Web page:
A polar bear shot dead after it attacked a crew member from a cruise ship on Svalbard this summer now raises question whether drones could be used to check the shores before making zodiac landings. Authorities and the cruise industry itself are skeptical.
For thirteen years, there has been no reindeer herding agreement on the grazing of reindeer across the border between Sweden and Norway. In Sweden, reindeer herders view the 1751 Lapp Codicil as still valid.
Finland is hosting the Arctic Biodiversity Congress this week, where 450 scientists, government officials, indigenous peoples and experts from 26 countries are discussing safeguarding the Arctic environment. Finland is chair of the Arctic Council from 2017-2019, and hosting two high-level environmental meetings this month.
According to Artistic Director Jorma Lehtola, the public will be able to watch indigenous films from Sápmi, Canada, Alaska, Greenland and Russia at the 2019 Skábmagovat Film Festival in Inari, Finland.
This was once upon a time the world's northernmost kindergarten and primary school. Abandoned twenty years ago, Pyramiden coal-mining town on the northern edge of the world is a preserved display of what the Soviet Union wanted to offer in the Arctic if communism worked. It didn’t.
Russia’s new state Commission for the Arctic will have to follow up the President’s new top priorities, including the boost of goods shipments on the Northern Sea Route to 80 million tons by year 2024.
The Heiss area is located along the coasts of the Franz Josef Land and could hold up to 140 million tons of oil and 2 trillion cubic meters of gas. Now, Gazprom is training on how to remove icebergs from the harsh Arctic waters.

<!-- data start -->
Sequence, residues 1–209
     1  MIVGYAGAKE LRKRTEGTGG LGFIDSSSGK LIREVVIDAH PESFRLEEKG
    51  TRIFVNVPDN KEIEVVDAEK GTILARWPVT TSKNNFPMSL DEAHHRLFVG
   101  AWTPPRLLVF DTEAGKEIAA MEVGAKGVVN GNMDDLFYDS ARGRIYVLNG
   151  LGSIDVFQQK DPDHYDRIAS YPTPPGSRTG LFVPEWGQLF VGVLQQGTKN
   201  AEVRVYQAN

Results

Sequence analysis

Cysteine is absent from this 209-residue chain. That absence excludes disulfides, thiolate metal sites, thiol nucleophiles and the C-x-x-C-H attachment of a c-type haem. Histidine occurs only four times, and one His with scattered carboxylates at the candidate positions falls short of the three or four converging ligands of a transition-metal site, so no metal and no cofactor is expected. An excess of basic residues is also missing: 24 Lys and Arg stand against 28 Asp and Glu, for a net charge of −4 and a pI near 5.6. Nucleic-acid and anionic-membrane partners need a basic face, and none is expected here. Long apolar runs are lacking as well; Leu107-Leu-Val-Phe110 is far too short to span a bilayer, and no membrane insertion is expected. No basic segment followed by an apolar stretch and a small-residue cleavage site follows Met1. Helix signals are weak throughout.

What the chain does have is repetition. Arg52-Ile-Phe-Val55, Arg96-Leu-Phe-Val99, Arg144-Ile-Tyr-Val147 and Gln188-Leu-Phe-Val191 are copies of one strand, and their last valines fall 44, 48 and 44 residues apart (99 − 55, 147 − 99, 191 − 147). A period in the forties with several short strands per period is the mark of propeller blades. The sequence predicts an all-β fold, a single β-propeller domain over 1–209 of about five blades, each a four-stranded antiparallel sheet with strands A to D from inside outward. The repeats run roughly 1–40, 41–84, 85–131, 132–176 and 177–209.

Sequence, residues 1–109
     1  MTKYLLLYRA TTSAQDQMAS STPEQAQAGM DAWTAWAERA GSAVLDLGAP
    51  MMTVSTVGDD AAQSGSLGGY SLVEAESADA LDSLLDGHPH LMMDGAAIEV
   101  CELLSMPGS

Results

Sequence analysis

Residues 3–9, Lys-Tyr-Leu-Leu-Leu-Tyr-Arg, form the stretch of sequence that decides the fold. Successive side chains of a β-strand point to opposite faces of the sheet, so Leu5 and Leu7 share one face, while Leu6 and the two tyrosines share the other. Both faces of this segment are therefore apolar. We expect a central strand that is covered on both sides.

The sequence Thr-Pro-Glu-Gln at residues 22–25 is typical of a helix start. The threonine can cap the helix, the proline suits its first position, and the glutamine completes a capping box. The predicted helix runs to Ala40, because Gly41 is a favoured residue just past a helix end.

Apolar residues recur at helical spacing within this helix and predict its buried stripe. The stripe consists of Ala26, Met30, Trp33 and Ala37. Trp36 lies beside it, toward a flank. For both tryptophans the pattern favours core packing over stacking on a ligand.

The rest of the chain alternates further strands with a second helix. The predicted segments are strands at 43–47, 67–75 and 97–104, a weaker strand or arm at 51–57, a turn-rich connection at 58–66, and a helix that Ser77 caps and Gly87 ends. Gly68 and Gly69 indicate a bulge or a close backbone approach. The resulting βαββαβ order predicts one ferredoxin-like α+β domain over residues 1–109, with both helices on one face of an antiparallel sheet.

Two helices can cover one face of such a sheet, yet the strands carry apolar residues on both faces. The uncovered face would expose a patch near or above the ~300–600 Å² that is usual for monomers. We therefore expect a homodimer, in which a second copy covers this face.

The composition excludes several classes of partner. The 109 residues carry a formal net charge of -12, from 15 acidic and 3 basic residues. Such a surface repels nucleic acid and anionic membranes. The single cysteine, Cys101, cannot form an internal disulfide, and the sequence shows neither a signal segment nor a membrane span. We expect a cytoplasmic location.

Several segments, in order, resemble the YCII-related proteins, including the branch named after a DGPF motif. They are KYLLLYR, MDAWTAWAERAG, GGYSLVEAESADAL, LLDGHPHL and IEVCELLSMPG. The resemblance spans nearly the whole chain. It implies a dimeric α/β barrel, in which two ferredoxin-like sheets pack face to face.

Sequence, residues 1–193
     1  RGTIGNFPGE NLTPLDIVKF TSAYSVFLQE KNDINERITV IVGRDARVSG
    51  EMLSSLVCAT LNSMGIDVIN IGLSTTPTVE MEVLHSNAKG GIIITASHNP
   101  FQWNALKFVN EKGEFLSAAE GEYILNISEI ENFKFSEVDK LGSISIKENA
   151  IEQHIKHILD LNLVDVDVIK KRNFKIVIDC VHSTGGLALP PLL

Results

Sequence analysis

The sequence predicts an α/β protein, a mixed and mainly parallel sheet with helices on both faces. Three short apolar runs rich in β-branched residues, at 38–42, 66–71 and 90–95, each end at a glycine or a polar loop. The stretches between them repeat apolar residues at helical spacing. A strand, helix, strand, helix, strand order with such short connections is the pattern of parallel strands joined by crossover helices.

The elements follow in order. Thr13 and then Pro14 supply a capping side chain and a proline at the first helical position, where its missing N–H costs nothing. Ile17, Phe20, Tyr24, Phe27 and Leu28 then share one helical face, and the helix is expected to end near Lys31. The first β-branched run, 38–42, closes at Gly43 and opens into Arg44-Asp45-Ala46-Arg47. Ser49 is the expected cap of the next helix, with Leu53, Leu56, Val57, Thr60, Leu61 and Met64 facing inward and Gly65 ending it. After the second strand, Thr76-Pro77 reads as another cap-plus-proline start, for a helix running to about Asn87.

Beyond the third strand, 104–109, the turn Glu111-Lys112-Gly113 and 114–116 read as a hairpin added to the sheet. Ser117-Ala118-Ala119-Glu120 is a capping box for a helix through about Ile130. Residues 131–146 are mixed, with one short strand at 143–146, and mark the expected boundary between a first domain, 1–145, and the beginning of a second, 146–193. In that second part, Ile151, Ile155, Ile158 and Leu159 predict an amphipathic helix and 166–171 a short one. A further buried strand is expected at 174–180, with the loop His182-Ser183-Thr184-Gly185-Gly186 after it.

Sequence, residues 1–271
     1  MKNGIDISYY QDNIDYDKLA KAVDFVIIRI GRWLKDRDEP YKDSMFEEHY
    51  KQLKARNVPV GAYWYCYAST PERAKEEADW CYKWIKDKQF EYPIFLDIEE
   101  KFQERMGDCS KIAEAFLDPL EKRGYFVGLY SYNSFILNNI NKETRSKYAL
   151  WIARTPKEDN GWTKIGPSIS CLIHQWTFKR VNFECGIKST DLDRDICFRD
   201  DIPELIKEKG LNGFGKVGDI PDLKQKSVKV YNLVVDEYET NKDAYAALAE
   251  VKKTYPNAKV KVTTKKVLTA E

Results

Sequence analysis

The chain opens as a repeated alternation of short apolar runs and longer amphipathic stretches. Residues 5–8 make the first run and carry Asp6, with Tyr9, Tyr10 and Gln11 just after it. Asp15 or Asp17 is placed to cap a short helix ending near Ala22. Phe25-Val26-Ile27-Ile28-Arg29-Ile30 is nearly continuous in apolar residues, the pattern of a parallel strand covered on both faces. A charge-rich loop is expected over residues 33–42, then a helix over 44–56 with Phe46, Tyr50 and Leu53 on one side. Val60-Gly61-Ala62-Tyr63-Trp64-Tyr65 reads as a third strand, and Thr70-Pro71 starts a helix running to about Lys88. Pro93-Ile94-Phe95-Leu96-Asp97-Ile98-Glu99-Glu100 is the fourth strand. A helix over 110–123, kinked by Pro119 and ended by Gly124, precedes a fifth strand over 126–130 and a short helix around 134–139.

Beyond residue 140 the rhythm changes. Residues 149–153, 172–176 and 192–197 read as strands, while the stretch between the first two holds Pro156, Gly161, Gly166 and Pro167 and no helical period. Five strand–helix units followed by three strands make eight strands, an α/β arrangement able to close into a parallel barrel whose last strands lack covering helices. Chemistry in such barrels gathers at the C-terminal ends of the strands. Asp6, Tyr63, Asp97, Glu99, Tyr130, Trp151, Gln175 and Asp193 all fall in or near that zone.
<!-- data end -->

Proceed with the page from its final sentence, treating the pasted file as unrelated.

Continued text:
Officials from five Arctic countries and five major distant fishing powers are meeting in Greenland Wednesday to sign a legally binding international accord that will protect nearly three million square kilometres of the Central Arctic Ocean from unregulated fishing.
An improvement of the ministry structure is needed in order to meet the requirements of the President, says Minister of Natural Resources Dmitry Kobylkin as he announces the establishment of a new Arctic department.
Heros of the Great Patriotic war (World War II). Photo: Thomas Nilsen
Final match in the sport hall was long ago. Photo: Thomas Nilsen
Visitors can today step inside the buildings in Pyramiden. Like this sport hall. Photo: Thomas Nilsen
Pyramiden is situated 50 kilometers north of Longyearbyen. Photo: Thomas Nilsen
".... our northern," reads half of the photo-collection poster left on the wall in the palace of culture. Photo: Thomas Nilsen
The red tower of this town sign sculpture is made of old water-pipes from the coal mine. Photo: Thomas Nilsen
The grand piano is an original "Red October" (Красный октябрь). Photo: Thomas Nilsen
Imagine a Saturday evening when the palace of culture was packed with coal miners listening to classical music. Or maybe there was an Arctic version of Pyotr Tchaikovsky's Swan Lake ballet on stage? Photo: Thomas Nilsen
Soviet fairy tale illustration on the wooden fence outside the school. Photo: Thomas Nilsen
The blocks of flats are well preserved by the Arctic climate. Photo: Thomas Nilsen
Likely a door to heaven for the coal miners. The sign reads "Beer Bar", but the last pint was emptied 20 years ago. Photo: Thomas Nilsen
No more water in the world's northernmost swimming pool. Photo: Thomas Nilsen
One lonely ice-skate left in the window. Photo: Thomas Nilsen
The mechanical workshop for the coal mine. Photo: Thomas Nilsen
The entrances to the coal mine are up in the mountain above the town. Photo: Thomas Nilsen
... and yes, it is also the world's northernmost bust of Lenin. Photo: Thomas Nilsen